I thought I had replied to this discussion earlier, but don't see it ... it's entirely possible my pregnant brain meant to post, but never actually did!
My husband is a former mountain bike racer, and now races duathlons (running/cycling) races. He went to the national championships for duathlon as an amateur racer, so he's definitely in the 'confident rider' category.
He won't even bike with a bike seat on the bike. Trailer, or no kids. Nothing to throw off the center of gravity & balance ... it's not worth the risk to us at all. Bike trailers are available at every price point, and although we got a very nice one (DH used to race for a bike supplier, so we got a great deal on it), there are loads available used in our local classifieds all the time, and they are safe for both the adult cyclist and the child.
Regardless of how good a rider a person is, it's like carseats ... you can't count on everyone around you to be safe as well -- if you have to make a quick action on the bike to avoid the consequences of someone else's bad choice (drivers not giving bikes enough space, dogs & children darting out on quiet country roads ... dogs chasing bikes ...) you need to be able to make that action without having to think 'how can I do this and STILL balance junior on my back', or having their weight slow your reactions/balance.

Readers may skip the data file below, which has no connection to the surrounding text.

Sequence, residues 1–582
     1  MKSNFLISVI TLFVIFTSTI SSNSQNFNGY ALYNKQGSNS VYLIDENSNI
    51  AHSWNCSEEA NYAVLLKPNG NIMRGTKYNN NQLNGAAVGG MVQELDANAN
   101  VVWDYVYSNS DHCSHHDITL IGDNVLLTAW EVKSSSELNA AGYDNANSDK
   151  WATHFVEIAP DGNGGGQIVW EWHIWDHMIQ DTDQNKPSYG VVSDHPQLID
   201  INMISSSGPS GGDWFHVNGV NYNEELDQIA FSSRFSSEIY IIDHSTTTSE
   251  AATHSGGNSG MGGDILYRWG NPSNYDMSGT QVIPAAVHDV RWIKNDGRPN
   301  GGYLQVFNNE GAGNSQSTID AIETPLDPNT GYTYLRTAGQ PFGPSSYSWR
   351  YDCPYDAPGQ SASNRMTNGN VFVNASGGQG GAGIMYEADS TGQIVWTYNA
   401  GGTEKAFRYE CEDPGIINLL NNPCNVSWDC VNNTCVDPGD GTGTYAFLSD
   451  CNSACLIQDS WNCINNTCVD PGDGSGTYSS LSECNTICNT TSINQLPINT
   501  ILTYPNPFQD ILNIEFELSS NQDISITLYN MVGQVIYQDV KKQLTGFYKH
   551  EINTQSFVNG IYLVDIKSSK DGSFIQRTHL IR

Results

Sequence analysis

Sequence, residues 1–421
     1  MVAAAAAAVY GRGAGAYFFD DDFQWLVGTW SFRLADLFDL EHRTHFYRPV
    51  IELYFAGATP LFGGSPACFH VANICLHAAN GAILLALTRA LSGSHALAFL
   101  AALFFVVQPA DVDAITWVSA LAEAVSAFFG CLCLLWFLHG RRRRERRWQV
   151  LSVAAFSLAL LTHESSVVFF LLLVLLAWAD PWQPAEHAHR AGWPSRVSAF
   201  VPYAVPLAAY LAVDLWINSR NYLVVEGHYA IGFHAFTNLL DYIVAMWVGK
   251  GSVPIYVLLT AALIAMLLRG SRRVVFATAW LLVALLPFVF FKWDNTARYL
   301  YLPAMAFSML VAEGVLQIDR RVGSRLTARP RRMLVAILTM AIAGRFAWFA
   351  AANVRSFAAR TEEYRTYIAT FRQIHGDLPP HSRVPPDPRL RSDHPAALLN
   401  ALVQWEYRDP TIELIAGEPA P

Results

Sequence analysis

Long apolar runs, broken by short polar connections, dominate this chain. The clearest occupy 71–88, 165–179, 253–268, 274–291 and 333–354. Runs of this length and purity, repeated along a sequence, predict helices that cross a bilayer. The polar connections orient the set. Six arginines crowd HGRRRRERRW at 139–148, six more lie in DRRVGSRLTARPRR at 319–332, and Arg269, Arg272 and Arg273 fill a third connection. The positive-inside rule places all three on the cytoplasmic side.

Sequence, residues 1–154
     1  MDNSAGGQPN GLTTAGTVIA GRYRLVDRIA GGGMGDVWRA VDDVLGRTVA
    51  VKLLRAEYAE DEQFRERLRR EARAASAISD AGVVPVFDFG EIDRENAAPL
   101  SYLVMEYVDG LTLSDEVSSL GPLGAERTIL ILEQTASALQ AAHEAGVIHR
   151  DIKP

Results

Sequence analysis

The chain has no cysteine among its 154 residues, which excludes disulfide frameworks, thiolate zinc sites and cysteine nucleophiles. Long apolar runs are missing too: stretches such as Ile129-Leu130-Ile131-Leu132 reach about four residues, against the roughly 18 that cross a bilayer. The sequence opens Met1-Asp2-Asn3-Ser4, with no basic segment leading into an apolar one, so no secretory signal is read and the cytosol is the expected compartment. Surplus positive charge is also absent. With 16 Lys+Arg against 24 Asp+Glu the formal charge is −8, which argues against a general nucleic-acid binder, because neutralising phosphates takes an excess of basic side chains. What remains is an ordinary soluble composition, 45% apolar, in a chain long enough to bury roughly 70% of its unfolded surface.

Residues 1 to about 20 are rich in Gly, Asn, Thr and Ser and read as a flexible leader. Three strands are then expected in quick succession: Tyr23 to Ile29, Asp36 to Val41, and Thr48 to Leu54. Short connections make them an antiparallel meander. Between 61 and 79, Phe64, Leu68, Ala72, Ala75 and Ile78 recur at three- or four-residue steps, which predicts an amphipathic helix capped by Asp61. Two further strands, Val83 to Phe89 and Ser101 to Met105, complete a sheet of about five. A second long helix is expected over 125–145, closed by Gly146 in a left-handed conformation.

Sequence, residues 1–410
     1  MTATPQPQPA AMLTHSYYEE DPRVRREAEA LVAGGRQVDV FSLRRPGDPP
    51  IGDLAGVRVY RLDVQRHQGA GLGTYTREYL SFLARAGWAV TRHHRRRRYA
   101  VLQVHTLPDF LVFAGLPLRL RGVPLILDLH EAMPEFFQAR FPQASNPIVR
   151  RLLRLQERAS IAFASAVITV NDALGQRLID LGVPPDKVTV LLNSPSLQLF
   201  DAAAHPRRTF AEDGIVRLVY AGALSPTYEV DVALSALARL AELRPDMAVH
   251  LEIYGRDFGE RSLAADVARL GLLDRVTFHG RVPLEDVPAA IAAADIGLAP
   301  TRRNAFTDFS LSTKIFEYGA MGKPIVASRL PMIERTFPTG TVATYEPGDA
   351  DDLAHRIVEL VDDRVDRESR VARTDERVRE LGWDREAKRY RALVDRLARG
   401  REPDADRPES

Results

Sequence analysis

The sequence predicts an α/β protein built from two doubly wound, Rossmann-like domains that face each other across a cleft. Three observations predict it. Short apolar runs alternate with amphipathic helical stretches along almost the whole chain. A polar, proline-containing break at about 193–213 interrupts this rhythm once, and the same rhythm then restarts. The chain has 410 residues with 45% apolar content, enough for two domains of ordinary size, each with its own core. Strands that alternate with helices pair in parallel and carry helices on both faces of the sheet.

Trailers increase your 'size' as a cyclist & make you easier to see, and they all come with those orange flags for safety, making you even more visible to cars, which only increases your safety.
It is a choice only you as a parent can make, but I think it's valid to consider all the angles, and know that even most very experienced cyclists who race would not do it. I can't think of a single parent that races with DH that would even try it. I think often recreational riders (and recreational paddlers, runners, swimmers etc) ... don't see the full big picture, b/c what they do is always 'fun', it's not competitive. Once you get to a competitive level, you consider every little detail and are more aware of yourself, your true abilities & your equipment. Not to say that competitive riders don't take risks, but they consider the risks differently than a recreational participant might.